So even after Furuli’s tweaks with the numbers, he admits the rate of mental illness of JWs in Western Australia is more than that in the normal population. Nevertheless, Furuli himself admits that "final conclusions are difficult to draw" (2015, p. 5).

    Another significant detail to consider in Furuli's analysis is that he included "only those who have been treated by a psychiatrist or at a mental hospital are counted" (2015, p. 11). There are two serious problems with this:

    1. There is no reason to exclude people that suffer from mental health issues and do not seek professional help. Many people do not, especially JWs since this religion actively discourages it.
    2. Again, this information was reported to him by congregation elders, so it would exclude anyone that may have been treated by a mental health professional or admitted to a "mental hospital" but the elders did not know about it. (If you think the elders know everything, you're wrong). This fact alone likely changes the actual numbers drastically.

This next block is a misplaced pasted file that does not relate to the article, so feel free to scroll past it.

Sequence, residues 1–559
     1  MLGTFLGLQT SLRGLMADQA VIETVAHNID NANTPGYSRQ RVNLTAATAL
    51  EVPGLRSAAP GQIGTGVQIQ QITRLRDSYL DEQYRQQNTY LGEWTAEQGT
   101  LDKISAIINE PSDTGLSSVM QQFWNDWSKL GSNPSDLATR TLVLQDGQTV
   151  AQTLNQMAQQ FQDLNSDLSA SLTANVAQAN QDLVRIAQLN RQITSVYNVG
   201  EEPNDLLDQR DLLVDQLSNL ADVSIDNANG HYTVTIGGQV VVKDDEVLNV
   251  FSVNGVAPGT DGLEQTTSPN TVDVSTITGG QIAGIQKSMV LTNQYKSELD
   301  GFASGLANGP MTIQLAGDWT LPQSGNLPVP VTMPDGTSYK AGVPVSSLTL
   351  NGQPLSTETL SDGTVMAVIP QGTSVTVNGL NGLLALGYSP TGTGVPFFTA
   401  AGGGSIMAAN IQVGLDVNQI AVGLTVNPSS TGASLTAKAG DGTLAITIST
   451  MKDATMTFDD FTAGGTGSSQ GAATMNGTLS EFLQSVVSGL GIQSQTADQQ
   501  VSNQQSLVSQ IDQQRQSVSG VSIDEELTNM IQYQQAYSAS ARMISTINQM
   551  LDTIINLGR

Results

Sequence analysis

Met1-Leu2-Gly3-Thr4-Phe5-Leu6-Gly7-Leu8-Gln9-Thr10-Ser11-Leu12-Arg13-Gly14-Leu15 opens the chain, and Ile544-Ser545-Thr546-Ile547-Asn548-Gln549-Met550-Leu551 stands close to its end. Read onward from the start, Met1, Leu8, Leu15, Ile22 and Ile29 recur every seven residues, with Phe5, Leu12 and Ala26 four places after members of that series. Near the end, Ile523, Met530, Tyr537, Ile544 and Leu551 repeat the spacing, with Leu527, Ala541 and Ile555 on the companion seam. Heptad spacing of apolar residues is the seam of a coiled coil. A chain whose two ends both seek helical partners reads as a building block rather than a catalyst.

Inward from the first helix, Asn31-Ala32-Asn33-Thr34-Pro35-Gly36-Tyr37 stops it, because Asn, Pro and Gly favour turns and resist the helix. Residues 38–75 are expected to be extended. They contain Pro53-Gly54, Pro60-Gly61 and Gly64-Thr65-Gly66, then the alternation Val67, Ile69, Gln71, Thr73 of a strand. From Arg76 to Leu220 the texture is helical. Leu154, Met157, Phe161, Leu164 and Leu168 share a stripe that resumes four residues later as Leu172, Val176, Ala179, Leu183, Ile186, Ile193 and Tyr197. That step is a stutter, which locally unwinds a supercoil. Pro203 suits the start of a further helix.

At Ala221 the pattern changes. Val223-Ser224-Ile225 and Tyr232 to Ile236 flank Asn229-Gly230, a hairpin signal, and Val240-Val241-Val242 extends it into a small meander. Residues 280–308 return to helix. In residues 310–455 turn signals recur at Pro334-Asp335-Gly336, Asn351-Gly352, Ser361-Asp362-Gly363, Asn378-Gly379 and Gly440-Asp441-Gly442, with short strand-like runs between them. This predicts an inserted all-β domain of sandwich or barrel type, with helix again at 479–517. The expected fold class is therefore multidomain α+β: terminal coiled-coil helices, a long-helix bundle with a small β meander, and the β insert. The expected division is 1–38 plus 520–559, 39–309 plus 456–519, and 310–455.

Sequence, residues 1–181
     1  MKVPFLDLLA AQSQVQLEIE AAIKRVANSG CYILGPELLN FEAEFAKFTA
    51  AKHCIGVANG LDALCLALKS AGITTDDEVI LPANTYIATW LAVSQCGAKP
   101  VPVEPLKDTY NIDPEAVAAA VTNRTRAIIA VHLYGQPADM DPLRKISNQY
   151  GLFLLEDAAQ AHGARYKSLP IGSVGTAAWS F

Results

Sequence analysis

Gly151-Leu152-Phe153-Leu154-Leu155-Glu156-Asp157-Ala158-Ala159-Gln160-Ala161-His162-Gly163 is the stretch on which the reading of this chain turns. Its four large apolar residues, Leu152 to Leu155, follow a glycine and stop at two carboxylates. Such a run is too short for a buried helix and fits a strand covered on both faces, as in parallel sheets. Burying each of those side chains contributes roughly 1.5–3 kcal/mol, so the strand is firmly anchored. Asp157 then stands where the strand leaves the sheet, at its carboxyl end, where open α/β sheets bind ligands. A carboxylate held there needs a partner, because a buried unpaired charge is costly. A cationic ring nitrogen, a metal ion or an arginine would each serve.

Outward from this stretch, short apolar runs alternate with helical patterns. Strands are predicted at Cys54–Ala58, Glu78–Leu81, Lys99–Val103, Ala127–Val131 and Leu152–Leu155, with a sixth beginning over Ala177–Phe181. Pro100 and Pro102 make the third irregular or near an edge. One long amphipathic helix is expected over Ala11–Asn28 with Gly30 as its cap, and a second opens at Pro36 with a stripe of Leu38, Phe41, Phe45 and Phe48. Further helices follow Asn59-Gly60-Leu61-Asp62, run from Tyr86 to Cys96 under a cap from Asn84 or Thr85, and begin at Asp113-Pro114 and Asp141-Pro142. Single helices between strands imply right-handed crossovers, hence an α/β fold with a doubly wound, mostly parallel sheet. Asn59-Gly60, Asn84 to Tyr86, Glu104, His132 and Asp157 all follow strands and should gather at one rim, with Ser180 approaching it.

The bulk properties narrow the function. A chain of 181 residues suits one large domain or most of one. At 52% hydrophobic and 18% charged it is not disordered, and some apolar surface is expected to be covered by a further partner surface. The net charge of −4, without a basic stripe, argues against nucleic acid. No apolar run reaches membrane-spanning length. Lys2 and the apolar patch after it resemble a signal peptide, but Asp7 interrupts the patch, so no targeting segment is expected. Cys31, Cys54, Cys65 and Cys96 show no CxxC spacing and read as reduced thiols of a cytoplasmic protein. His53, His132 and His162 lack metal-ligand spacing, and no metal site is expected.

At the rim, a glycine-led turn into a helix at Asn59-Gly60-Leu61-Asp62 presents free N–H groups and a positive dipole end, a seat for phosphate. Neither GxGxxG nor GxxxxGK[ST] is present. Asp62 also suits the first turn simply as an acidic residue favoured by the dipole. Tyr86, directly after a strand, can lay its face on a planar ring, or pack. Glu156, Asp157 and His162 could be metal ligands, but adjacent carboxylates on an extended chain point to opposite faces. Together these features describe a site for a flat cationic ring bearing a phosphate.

These two factors alone demonstrate the serious methodological flaws of Furuli's "study." A dispassionate reading suggests that the actual number of active and former JWs suffering from mental health issues is probably quite high. Indeed, for a religion that claims to be "the happiest people on Earth," even one person with mental health issues is a problem for their delusional, unrealistic and unhealthy ideology.

    Furuli's discussion of the issue of suicide is similarly flawed. Demonstrating his religious bias, Furuli writes: "To commit suicide is an extreme act that violates the basic principles of God, and persons who do that either are mentally ill or they are in a situation of the deepest despair where they see no solution for their problems" (2015, p. 13).